All of which is to say that the mountains of Glacier are classical mountains, with all the proper metaphysical and mystical connotations.  There be dragons, indeed.

And that is in turn to say that religious inclinations are the right and proper outgrowth of time spent in Glacier, especially during the off-season, when the mountains wake from the soporific heat of summer (which is in Glacier de facto 2 months long at most) and really stretch their legs.

Triple Divide Pass, looking north into the Hudson Bay Creek drainage.  Note the bear tracks in the lower right hand corner. 

Soren Kierkegaard** was a Danish philosopher who wrote about religion and about faith.  He stands aside Plato and Nietzsche and Chuang Tzu as thinkers whose profundities are equalled by their stylist sophistication and beauty.  In Fear and Trembling he discusses the sacrifice of Abraham, and how the faith evinced therein rests on a belief in the absurd, that is, in something categorically beyond human comprehension.  Because Keirkegaard was post-Cartesian, he knew the power cogito ergo sum* held over human understanding (and thus, existence), and thus knew that placing a central tenet of religious existence beyond the reaches of human thought was at least doubly paradoxical.  As he wrote “To exist in such a way that my contrast to existence constantly expresses itself as the most beautiful and secure harmony with it- this I cannot do.  And yet, I repeatedly say, it must be wonderful to get the princess.”  This gorgeous reality has selectively reared its head in the century and half since, notably (and almost always overlooked) in the work of Edward Abbey, from which this blog takes its title and mission.

This past weekend I loaded snowshoes, two days of thin rations, and fall clothing into a newly completed pack (the umpteenth All-Pack revision) and headed through the heart of Glacier for 60 miles, on the latest of many such solo athletic and spiritual journeys.  Turning my mind off has always been a challenge; as a child I could never fall asleep without reading.  It is thus especially notable that, in 2010, I’ve weened myself off backcountry reading material, and been able to (normally) sleep just fine.  Nothing turns off the mind like the beat of walking for hours and hours in the woods, and as Kierkegaard wrote, “…faith begins precisely where thought stops…”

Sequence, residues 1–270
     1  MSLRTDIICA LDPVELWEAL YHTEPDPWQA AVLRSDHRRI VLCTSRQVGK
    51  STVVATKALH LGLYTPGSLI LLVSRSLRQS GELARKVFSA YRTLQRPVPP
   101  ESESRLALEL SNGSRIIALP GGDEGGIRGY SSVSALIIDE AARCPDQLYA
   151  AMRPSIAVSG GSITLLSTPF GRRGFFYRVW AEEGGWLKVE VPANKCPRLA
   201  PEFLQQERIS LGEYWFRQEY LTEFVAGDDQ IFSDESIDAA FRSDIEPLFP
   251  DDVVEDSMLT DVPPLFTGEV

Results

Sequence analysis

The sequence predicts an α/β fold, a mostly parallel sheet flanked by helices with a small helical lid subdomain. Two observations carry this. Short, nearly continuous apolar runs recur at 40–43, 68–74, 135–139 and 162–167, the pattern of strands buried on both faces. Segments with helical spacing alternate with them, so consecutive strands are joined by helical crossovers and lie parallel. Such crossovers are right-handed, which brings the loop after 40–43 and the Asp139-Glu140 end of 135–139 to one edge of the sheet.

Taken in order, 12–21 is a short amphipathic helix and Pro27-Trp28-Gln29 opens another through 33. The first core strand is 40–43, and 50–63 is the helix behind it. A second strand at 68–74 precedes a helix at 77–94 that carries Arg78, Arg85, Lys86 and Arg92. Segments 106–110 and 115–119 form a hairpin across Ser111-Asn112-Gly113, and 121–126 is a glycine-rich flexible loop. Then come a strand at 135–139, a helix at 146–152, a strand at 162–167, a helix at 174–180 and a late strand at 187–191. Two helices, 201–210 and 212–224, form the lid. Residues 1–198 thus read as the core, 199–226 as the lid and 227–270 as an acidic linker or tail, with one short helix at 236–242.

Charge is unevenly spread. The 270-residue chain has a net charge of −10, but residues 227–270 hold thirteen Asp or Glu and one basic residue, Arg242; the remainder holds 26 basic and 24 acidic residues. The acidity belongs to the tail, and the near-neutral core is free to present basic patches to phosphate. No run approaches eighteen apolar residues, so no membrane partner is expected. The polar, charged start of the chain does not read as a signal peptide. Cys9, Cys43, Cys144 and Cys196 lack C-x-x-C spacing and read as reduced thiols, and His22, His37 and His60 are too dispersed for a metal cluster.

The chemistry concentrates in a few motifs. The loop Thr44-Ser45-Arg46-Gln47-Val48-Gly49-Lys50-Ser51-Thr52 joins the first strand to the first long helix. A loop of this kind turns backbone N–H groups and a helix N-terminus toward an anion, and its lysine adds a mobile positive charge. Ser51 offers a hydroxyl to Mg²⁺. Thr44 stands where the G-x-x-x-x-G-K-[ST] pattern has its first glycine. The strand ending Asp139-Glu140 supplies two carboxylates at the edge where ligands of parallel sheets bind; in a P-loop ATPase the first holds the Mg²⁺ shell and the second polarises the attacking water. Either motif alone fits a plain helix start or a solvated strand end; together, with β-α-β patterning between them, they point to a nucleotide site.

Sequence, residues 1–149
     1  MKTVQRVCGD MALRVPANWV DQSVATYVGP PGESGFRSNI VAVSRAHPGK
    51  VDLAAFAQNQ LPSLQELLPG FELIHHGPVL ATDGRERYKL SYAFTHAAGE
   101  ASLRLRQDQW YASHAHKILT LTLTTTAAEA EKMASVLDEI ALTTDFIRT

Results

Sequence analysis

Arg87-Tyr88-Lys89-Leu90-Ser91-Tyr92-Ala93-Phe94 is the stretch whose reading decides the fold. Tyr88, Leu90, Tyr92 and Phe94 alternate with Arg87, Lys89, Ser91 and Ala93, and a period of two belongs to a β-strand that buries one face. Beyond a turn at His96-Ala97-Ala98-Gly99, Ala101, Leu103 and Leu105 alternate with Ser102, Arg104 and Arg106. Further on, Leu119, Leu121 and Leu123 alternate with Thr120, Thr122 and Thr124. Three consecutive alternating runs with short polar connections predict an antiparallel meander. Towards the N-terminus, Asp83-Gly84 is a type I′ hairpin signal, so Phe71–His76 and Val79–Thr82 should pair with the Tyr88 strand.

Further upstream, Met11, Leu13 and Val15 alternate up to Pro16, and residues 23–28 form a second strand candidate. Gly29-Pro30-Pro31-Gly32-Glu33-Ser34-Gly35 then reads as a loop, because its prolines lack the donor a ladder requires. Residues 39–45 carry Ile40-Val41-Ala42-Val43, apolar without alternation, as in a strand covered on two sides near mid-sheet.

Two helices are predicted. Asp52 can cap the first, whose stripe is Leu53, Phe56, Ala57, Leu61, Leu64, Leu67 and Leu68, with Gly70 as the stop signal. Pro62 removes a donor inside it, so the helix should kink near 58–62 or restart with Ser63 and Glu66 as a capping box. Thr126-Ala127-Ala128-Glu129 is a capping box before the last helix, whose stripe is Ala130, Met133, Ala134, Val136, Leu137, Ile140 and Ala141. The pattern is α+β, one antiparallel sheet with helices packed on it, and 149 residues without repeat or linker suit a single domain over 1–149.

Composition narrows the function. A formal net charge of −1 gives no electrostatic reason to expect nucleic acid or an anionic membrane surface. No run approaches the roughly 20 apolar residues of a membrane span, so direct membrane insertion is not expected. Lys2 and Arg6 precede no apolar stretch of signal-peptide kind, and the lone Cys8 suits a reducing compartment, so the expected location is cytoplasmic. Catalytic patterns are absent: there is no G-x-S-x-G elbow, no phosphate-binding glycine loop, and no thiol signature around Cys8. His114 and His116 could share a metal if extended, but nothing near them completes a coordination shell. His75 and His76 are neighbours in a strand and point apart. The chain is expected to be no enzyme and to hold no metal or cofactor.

M graciously woke up at 630 on Saturday morning, and by 900 I was walking through the gated campground at Two Medicine, admiring abundant clouds and clean light.  It didn’t begin raining until just below the south side of Pitamakin Pass, which was amazingly snow free.  I put on my snowshoes at the summit, and full shell gear a mile down the north side.  I had pondered the necessity of bringing either, but would come to dearly rely on the presence of both.  My weather for the weekend substantially overdelivered on the forecasted 50% chance of rain, and the non-south facing passes of the second day would make the ‘shoes invaluable.

The miles between Pitamakin and the ascent to Triple Divide Pass are lost to memory and the violence it suffers at the zen hands of hiking.  The ascent of that pass is noteworthy however, as it has no switchbacks, just one 3+ mile long switch up the cirque wall.  A few of the deeper alcoves had a more easterly aspect, and these were reliably drifted full and packed with snow at a steep angle.  It was still raining, and the saturated snow made kicking steps with soft shoes easy.  I could even sink my trekking poles to the handles for self-belays, something I’d do again on similar sections going up Gunsight the next day.  In both cases steep snow (60-65 degrees, measured with an inclometer) and a 4th class runout (ie probably death in a fall) would have made harder snow a trip-stopper without an axe, alpine boots and crampons.  Those sections, perhaps 6 in all, were attention getting.

I had 31 miles to make my intended campsite on St Mary Lake, which meant I’d be night hiking.  I do that with dis-ease in Griz country, given that a startled hyperphasic bear is statistically the most dangerous to a hiker.  I saw no live bears, but lots of nearly live tracks, both black and Griz.  Some, as in the above photo, in rather unlikely places.  My off-season hiking this year has given me a ground truth understanding of what work animals do to find food.  Given the track depth, it seems Glacier bears favor night or early morning pass crossings.  So I strode along yelling “Hey ____! (bear, moose, elk, stick, mud, stump, vole, rock, etc) and singing old French camp songs.  Or what little I remember of them.

Camp was gorgeous.  On the flat rock beach of a glacial lake, it had stopped raining an hour ago, and the stars were out!  It was also gusting to 60 mph, making the fire burn fast (good for a quick dinner) and necessitating a post-dinner shelter re-pitching, complete with a lengthy quest for the heaviest drift logs and rocks I could carry.  The Trailstar is super burly once all the anchor points are guyed out, but establishing those guy points can be tricky.  The bivy sack, which I had thought about bringing days before the trip, turned out to the unlikely but best option (had I had it along).  I didn’t get the sleep until 1130, but slept well one I realized the shelter wasn’t going to blow away, just flap a lot.  The MLD guy points are burly.